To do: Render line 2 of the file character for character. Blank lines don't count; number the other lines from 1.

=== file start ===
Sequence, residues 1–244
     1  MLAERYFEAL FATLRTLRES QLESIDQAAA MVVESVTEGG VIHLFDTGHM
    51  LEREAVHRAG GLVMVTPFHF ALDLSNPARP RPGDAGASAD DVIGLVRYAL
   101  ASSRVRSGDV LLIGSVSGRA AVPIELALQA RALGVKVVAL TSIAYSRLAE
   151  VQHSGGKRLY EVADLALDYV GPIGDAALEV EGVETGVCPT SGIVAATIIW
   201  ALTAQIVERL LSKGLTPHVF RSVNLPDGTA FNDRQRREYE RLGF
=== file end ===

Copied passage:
     1  MLAERYFEAL FATLRTLRES QLESIDQAAA MVVESVTEGG VIHLFDTGHM